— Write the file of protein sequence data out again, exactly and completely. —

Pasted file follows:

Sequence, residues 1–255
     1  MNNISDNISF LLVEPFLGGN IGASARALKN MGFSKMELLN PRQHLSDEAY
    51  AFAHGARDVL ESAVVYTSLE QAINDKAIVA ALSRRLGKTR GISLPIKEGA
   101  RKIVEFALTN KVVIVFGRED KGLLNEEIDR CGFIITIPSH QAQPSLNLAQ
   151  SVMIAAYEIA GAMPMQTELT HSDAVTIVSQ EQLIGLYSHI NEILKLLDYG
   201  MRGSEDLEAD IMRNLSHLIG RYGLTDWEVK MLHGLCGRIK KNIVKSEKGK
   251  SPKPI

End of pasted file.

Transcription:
Sequence, residues 1–255
     1  MNNISDNISF LLVEPFLGGN IGASARALKN MGFSKMELLN PRQHLSDEAY
    51  AFAHGARDVL ESAVVYTSLE QAINDKAIVA ALSRRLGKTR GISLPIKEGA
   101  RKIVEFALTN KVVIVFGRED KGLLNEEIDR CGFIITIPSH QAQPSLNLAQ
   151  SVMIAAYEIA GAMPMQTELT HSDAVTIVSQ EQLIGLYSHI NEILKLLDYG
   201  MRGSEDLEAD IMRNLSHLIG RYGLTDWEVK MLHGLCGRIK KNIVKSEKGK
   251  SPKPI